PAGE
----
Comparing Different Variants Of Batman Film Analyses Essay
My aim for this essay is to analyse and do a comparison of different versions of the Batman film. I’ve decided to compare the 1966 “Batman” to the 1989 “Batman” and “The Dark Knight”, which was released in 2008. I wish to appear at how these movies have been made, how ‘Batman’s’ status has changed through the years and how they assess to the original comic books.
Batman made his initial overall look in Detective Comics in 1939; he was the ‘caped crusader’ who gone against the criminals of the underworld who killed his father and mother. In the early comics, the drawings confirmed ‘a grim tone and ‘nourish’ utilization of bold blocks of dark ink’ (Sabin, 1996, p.61). However, down the road the comics ‘were progressively lightened to be able to draw a younger romance; a pattern which culminated in the 1960’s where the comics started to be ‘camp’ comedies to reflect the amazingly successful tv series’ (Sabin, 1996, pp. 61-62).
Wikipedia (2008) Man Who Laughs [Online] Offered by: http://en.wikipedia.org/wiki/File:Manwholaughs.jpg (Accessed: 3rd December 2010)
BD Comics (1999) Batman- No Mans Territory [Online] Available at: http://bdcomics.bdgamers.net/2007/06/13/batman-no-mans-terrain/ (Accessed: 3rd December 2010)
The 1966 ‘Batman’ was a film adaptation of the 60’s Television series; it had spending plan of $1,377,800. In the film, there happen to be no shots of skyscrapers or any properties that resemble the landscapes in the comic books. The costumes in this film are basic; the villains are dressed in matches and Batman and Robin’s outfits look cheaply made, when compared to most recent film; this reveals the difference in budget. The make-up is quite basic; the ‘Joker’ has a ghostly white face and red drawn on smile; no prosthetics are being used on him. The ‘Penguin’ includes a prosthetic nose to create it freakishly very long and pointy, nevertheless the rest of the characters have normal daily make-up on.
The fight moments in the film happen to be unrealistic, fake punches will be thrown between personas, with words such as “URKK” and “OUCH” entering the shot is big letters:
“The TV show was absolutely dopey, humor and slapstick substituting for anything remotely violent or suspenseful. It also presented the surreal ‘bonk’/’zap’ subject cards to amplify the fun”. (Gibron, 2008)
This will make the fighting glance comical and amusing. However it does match the comic book design of fighting and was that which was acceptable to be shown in the film and TV series at that time.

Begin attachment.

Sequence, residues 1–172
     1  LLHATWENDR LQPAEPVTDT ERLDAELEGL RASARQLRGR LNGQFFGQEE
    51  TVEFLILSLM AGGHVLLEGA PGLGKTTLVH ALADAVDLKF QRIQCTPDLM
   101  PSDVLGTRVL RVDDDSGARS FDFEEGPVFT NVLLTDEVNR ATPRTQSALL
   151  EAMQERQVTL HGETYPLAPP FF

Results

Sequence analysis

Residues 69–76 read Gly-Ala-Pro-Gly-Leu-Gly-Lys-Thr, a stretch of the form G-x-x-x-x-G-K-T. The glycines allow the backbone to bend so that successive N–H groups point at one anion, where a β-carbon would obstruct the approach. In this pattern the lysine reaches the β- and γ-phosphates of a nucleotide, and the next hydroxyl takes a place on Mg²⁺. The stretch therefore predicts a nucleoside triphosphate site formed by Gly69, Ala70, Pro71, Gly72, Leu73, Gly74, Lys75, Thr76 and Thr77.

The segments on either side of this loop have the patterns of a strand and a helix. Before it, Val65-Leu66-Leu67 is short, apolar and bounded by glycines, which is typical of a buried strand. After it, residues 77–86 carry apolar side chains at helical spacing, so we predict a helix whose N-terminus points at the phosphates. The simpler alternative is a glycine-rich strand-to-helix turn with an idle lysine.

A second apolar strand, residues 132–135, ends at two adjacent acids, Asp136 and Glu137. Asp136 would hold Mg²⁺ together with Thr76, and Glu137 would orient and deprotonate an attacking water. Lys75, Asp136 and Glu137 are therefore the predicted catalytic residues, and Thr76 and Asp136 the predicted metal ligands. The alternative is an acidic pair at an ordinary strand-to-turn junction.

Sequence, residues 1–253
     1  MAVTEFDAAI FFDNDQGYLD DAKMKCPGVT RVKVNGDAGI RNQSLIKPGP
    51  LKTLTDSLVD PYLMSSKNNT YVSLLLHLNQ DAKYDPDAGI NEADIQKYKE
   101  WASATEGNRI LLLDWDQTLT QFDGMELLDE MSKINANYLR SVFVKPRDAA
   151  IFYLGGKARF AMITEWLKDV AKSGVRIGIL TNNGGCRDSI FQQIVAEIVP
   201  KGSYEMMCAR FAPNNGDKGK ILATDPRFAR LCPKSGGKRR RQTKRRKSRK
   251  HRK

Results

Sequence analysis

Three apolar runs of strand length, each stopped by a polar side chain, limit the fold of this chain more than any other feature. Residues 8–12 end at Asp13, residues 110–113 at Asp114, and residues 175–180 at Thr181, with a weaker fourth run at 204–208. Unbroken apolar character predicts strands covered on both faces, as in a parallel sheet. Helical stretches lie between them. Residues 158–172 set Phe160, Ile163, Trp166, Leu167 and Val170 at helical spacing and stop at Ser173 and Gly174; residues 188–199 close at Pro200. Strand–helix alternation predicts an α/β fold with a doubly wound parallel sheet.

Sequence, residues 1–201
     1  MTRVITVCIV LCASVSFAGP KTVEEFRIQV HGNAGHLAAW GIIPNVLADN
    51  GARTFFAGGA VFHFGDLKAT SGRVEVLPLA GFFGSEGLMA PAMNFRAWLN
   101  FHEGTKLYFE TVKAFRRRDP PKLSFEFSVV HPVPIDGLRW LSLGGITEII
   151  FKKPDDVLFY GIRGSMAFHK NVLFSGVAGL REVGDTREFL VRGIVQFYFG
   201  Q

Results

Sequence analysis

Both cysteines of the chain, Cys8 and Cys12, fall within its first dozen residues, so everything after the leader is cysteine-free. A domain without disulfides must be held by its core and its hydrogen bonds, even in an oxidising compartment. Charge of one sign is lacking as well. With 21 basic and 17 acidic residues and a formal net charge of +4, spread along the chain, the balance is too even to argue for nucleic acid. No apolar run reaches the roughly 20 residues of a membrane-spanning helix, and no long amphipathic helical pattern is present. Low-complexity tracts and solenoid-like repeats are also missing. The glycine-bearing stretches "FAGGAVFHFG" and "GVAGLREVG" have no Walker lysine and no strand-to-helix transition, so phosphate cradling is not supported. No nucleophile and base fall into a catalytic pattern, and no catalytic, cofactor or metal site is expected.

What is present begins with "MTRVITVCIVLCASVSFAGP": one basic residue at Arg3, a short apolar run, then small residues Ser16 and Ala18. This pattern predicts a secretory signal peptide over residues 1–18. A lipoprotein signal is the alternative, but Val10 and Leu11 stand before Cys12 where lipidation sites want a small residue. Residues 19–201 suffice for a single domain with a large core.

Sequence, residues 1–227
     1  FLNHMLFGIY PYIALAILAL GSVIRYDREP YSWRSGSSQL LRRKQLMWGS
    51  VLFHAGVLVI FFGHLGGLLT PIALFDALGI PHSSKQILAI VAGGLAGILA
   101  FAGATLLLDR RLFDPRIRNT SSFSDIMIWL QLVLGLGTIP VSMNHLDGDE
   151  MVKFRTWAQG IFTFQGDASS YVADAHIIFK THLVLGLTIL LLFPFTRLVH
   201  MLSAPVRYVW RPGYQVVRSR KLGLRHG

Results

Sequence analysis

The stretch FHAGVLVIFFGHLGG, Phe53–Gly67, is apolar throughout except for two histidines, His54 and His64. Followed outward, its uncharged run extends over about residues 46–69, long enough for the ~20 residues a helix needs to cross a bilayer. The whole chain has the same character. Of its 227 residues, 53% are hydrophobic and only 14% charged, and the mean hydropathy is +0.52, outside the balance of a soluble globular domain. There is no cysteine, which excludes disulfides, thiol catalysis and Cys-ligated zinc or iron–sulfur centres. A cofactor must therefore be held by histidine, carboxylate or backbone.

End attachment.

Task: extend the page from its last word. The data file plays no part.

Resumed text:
Still from TV 1960’s series ‘Batman’ (1966) Batman Generation : Batman 1960’s TV Series [Online] Available at: http://movie-collections-on-dvd.blogspot.com/ (Accessed: 10th November 2010)
The sidekick ‘Robin’ appears in this film. I think his presence makes Batman look fewer macho, it implies that he needs back up, this may have been the reason he wasn’t written into the series of films that followed decades later. In comparison to films today; it is extremely naive, in a single scene a very toy looking shark is used as a prop and in the Bat cave every machine or device is labelled.
Heath, R (2008) The Dark Knight 2010 [Online] Offered by: http://www.ferdyonfilms.com/?m=200807 (Accessed: 3rd December 2010)
Clara, H (2010) Entertainment [Online] Offered by: http://www.mylifetime.com/lifestyle/entertainment/lewis-wilson-michael-keaton-and-val-kilmer-batman (Accessed: 3rd December 2010)
In 1989 ‘Batman’ was released, it was the first of a series of feature movies starring Batman which were produced by the Warner Bros; it got a budget of $35,000,000. This film strayed from the 1966 ‘camp’ variant, ‘Beyond Hollywood’ emphasises this point volume for square pyramid by saying:
“Before 1989, unless you were an avid comic book reader, you probably seen Batman as a clownish superhero, trading punches and quips with bad guys with his youthful assistant Robin faithfully at his side. He was campy, a lttle bit dull, rather than dangerous. That is, before summer of 1989, when Tim Burton arrived to changed all that.” (Beyond Hollywood, 2004)
Gotham City is certainly dark and gothic seeking; the buildings are dingy and aged. The forms of the properties resemble the comic reserve images; they don’t appear to be any usual American city. Lots of smoke is used in the environment, it reminds me of backdrops in a theatre development.
The joker likewise matches perfectly with the comic reserve illustrations; the make-up cleverly permits the actor to get a fixed smile. He places on a present and prides himself on staying theatrical, using joke shop type gags, i.e. a flower that squirts poisonous gas and a buzzer how to start a personal narrative which he attaches to his hands to electrocute his victim. The music, which is normally enjoyed as a backing to the joker, is almost the same as you may notice in the circus, everything about any of it is comical.
Neumaier, J. (2008) Jack Nicholson warned Overall health Ledger on ‘Joker’ part[Online].Available at: http://www.nydailynews.com/news/2008/01/24/2008-01-24_jack_nicholson_warned_heath_ledger_on_jo.html (Accessed: 31 October 2010)
Newsrecord. (2008)Heath Ledger Was Changed by playing ‘The Joker'[Online]. Available at: http://www.inoutstar.com/news/Heath-Ledger-Was-Changed-by-Playing-The-Joker-6583.html#nimg_16437 (Accessed: 31 October 2010)